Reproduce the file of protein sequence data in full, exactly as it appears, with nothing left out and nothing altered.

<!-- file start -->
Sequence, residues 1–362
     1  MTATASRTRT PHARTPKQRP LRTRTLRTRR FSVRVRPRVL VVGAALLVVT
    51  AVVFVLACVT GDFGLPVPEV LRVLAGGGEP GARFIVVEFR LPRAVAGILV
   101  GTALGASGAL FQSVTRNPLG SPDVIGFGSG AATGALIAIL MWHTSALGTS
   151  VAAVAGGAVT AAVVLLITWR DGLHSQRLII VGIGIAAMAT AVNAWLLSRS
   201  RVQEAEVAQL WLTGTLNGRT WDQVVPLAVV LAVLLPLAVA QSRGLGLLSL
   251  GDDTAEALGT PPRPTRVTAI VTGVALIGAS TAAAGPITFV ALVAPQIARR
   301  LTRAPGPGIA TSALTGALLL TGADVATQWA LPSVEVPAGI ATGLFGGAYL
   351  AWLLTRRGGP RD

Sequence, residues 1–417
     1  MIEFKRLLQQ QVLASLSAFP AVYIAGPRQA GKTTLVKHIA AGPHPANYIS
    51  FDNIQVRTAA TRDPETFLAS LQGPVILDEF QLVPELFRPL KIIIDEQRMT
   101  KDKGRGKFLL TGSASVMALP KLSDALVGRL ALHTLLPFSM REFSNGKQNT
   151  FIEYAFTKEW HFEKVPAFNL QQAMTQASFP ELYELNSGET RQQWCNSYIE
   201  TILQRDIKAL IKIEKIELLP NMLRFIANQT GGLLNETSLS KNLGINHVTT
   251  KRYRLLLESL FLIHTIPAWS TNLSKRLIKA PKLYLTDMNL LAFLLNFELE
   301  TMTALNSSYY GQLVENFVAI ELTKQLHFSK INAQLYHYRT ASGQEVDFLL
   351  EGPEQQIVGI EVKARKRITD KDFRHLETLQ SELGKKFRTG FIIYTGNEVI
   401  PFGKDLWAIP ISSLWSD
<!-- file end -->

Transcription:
Sequence, residues 1–362
     1  MTATASRTRT PHARTPKQRP LRTRTLRTRR FSVRVRPRVL VVGAALLVVT
    51  AVVFVLACVT GDFGLPVPEV LRVLAGGGEP GARFIVVEFR LPRAVAGILV
   101  GTALGASGAL FQSVTRNPLG SPDVIGFGSG AATGALIAIL MWHTSALGTS
   151  VAAVAGGAVT AAVVLLITWR DGLHSQRLII VGIGIAAMAT AVNAWLLSRS
   201  RVQEAEVAQL WLTGTLNGRT WDQVVPLAVV LAVLLPLAVA QSRGLGLLSL
   251  GDDTAEALGT PPRPTRVTAI VTGVALIGAS TAAAGPITFV ALVAPQIARR
   301  LTRAPGPGIA TSALTGALLL TGADVATQWA LPSVEVPAGI ATGLFGGAYL
   351  AWLLTRRGGP RD

Sequence, residues 1–417
     1  MIEFKRLLQQ QVLASLSAFP AVYIAGPRQA GKTTLVKHIA AGPHPANYIS
    51  FDNIQVRTAA TRDPETFLAS LQGPVILDEF QLVPELFRPL KIIIDEQRMT
   101  KDKGRGKFLL TGSASVMALP KLSDALVGRL ALHTLLPFSM REFSNGKQNT
   151  FIEYAFTKEW HFEKVPAFNL QQAMTQASFP ELYELNSGET RQQWCNSYIE
   201  TILQRDIKAL IKIEKIELLP NMLRFIANQT GGLLNETSLS KNLGINHVTT
   251  KRYRLLLESL FLIHTIPAWS TNLSKRLIKA PKLYLTDMNL LAFLLNFELE
   301  TMTALNSSYY GQLVENFVAI ELTKQLHFSK INAQLYHYRT ASGQEVDFLL
   351  EGPEQQIVGI EVKARKRITD KDFRHLETLQ SELGKKFRTG FIIYTGNEVI
   401  PFGKDLWAIP ISSLWSD